Macron's deal with China discussed by Alex Phillips
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OneWeb, the low-Earth orbit (LEO) satellite network which the Government has a stake in, has agreed a merger with French rival Eutelsat. Eutelsat, which also holds a 23 percent stake in the company, announced on Monday that discussions had begun. It said the possible merger would address the “booming connectivity market, estimated to be worth 16 billion dollars by 2030”.
The French company said in a statement: “The combined entity would be the first multi-orbit satellite operator offering integrated GEO (geostationary orbit) /LEO solutions and would be uniquely positioned to address the booming connectivity market, estimated to be worth 16 billion dollars by 2030.”
Eutelsat specialises in geostationary orbit (GEO) and has a fleet of 35 satellites positioned 36,000 kilometres from the Earth that are largely used for satellite television broadcasting, but also provide internet access.
OneWeb, which the Government a £400million share in back in July 2020 when the company went bankrupt , provides signals in 3G, 5G, LTE and Wi-Fi for high-speed internet access.
Supporters of the merger say that once combined, the two companies could together become an internet giant.
The Department for Business, Energy and Industrial Strategy (BEIS) has said the taxpayer would be able hold a “significant stake in what will become a single, powerful global space company”.
The deal is still subject to national security and Eutelsat shareholder clearances.
It will see OneWeb’s headquarters stay in Britain, with the French firm applying for admission to the London Stock Exchange.
But despite the opportunity pinpointed by BEIS, others were less optimistic about the discussions.
Former Science Minister George Freeman tweeted: “The UK’s golden share in LEO satellite constellation OneWeb is a key part of the UK’s commercial Space Industry Strategy.
“Unless our rights are protected, this sale to France’s Eutelsat will hand over another key industrial asset to UK competitors.”
When OneWeb was first acquired by the Government, Downing Street said the deal “will support the UK to be a pioneer in the research, development, manufacturing, and exploitation of novel satellite technologies”.
It added the acquisition would boosting UK manufacturing.
The company was also acquired after Britain was kicked out of the EU’s Galileo, which carries out positioning, navigation and timing (PNT) services.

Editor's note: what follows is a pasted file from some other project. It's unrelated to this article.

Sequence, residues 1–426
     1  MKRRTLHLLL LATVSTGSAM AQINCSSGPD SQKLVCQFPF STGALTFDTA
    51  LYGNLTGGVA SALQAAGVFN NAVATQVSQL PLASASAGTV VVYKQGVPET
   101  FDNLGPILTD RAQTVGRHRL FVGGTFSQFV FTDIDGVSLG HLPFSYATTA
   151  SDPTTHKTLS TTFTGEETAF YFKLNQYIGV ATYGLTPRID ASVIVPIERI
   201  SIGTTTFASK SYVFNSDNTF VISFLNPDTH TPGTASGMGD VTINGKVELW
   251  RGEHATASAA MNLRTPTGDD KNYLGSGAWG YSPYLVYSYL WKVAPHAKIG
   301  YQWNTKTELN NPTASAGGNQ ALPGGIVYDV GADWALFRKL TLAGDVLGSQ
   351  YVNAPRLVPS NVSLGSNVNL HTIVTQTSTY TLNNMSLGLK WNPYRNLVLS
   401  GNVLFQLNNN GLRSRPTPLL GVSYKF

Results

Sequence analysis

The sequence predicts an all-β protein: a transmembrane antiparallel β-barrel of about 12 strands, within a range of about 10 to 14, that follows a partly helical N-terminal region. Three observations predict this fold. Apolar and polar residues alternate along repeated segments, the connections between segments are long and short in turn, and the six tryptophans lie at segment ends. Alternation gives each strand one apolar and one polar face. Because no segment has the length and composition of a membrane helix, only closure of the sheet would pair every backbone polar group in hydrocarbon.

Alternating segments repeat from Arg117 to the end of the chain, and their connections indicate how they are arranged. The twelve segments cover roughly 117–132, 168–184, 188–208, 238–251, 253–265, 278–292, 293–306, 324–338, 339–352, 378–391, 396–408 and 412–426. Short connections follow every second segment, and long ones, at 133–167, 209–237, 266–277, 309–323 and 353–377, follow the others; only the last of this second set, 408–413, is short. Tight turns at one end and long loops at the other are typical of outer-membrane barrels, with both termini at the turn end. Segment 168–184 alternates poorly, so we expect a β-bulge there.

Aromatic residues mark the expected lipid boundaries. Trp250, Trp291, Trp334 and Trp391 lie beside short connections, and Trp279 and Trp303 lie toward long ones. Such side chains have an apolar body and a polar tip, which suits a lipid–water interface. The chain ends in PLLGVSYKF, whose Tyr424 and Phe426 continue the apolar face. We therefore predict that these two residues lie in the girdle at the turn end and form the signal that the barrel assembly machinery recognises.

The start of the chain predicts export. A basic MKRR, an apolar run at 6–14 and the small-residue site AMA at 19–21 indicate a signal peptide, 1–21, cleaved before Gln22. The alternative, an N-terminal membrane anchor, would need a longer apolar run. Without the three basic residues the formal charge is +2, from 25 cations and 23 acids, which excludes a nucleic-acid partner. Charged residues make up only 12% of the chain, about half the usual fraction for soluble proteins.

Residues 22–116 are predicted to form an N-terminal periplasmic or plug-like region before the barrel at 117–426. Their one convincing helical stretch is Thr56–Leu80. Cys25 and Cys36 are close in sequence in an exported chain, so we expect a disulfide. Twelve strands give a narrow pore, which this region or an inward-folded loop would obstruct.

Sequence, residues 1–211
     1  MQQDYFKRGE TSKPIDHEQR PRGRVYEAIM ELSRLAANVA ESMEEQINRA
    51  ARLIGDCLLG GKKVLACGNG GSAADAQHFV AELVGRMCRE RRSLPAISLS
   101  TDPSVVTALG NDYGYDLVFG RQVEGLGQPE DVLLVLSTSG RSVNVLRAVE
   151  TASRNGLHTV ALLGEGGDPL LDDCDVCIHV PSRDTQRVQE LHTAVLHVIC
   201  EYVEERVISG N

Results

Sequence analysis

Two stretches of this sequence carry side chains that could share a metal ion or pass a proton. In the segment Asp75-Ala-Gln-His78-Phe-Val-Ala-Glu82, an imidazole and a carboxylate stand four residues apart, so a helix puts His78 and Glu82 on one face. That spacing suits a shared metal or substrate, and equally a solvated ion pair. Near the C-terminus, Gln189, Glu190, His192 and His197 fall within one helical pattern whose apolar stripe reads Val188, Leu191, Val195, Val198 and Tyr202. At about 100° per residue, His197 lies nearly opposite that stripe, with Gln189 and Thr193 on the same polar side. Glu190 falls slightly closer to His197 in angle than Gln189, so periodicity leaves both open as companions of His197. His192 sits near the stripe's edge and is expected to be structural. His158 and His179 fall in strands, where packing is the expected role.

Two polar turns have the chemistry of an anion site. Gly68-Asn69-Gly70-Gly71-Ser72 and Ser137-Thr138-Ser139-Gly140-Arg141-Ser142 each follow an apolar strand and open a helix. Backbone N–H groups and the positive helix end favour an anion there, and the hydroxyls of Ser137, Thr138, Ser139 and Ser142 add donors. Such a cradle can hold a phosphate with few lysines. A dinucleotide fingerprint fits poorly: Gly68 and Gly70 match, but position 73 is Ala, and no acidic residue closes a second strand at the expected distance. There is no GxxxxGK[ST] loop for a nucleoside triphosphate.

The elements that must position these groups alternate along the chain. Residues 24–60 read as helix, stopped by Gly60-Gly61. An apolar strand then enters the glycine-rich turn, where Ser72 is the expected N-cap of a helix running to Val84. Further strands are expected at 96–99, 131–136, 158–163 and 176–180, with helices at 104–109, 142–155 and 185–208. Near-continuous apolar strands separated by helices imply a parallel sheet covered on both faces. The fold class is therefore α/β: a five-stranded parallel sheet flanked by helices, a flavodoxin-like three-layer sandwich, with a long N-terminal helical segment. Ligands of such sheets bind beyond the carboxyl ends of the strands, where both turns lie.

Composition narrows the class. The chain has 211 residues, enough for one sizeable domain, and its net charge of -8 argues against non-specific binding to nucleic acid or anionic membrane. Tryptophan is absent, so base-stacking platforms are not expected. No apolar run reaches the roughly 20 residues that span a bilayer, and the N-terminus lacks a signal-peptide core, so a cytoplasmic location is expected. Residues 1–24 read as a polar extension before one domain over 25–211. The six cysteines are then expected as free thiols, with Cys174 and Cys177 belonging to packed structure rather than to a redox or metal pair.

While OneWeb carries out a different function, the Government did have ambitions to create its own rival to Galileo and the US’ global positioning system (GPS).
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Although those plans have reportedly been scaled back, Business Secretary Kwasi Kwarteng has said the UK could create a PNT system to rival Galileo by adapting OneWeb.
Speaking before the Science and Technology Committee back in February, he said: “In terms of positioning, navigation and timing (PNT), which Galileo is all about, that is something that we could do ourselves.
“Some people say ‘we can’t do this, there is no way there we could do PNT outside Galileo’. I don’t happen to agree with this.
“I think through our strategic acquisition of our stake in OneWeb, that does give us a possibility for future capability in PNT.”
But for now, OneWeb remains focused on providing internet signals, and has already deployed 428 of the 648 satellites in its constellation in low orbit.
The EU wants its own low-earth orbit constellation of around 250 satellites from 2024 too.
Romain Pierredon, an analyst at AlphaValue, told AFP: “Low orbit constellations are a market that can potentially become strategic for governments.
“At the moment, the stakes are more and more sovereign, as we see with semiconductors and other industries. The goal is to not depend on anyone, so Europe would be a potential big customer for OneWeb,”
Under the deal with Eutelsat, its 36 GEO satellites would join up with OneWeb’s fleet to generate combined revenues of £1billion, the companies have said. While the Government has a share in OneWeb, Indian telecoms billionaire Sunil Bharti Mittal holds a stake.
Eutelsat’s investors include entities owned by the French and Chinese states.
Additional reporting by Maria Ortega.
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